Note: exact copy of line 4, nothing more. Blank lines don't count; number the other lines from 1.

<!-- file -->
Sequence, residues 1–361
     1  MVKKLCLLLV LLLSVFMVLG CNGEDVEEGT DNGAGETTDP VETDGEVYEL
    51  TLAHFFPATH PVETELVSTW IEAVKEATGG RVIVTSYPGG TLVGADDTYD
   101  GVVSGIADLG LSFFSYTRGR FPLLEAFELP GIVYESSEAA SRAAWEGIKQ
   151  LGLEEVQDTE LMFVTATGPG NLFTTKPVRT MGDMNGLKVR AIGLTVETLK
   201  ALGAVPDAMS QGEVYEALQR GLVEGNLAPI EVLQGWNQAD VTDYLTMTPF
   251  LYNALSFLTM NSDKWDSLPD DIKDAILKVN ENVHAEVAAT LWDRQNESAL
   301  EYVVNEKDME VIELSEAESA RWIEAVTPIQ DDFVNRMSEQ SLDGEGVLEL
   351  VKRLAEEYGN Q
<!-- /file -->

   101  GVVSGIADLG LSFFSYTRGR FPLLEAFELP GIVYESSEAA SRAAWEGIKQ